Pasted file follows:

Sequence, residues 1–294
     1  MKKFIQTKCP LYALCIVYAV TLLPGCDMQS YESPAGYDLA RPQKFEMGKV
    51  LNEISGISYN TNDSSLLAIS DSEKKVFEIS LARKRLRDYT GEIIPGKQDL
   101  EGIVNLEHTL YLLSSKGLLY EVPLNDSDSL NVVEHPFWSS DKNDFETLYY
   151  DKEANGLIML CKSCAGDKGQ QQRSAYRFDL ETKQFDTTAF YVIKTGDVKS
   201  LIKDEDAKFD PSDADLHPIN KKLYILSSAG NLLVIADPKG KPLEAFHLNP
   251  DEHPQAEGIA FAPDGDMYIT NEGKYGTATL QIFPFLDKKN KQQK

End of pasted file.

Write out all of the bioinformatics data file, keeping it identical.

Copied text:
Sequence, residues 1–294
     1  MKKFIQTKCP LYALCIVYAV TLLPGCDMQS YESPAGYDLA RPQKFEMGKV
    51  LNEISGISYN TNDSSLLAIS DSEKKVFEIS LARKRLRDYT GEIIPGKQDL
   101  EGIVNLEHTL YLLSSKGLLY EVPLNDSDSL NVVEHPFWSS DKNDFETLYY
   151  DKEANGLIML CKSCAGDKGQ QQRSAYRFDL ETKQFDTTAF YVIKTGDVKS
   201  LIKDEDAKFD PSDADLHPIN KKLYILSSAG NLLVIADPKG KPLEAFHLNP
   251  DEHPQAEGIA FAPDGDMYIT NEGKYGTATL QIFPFLDKKN KQQK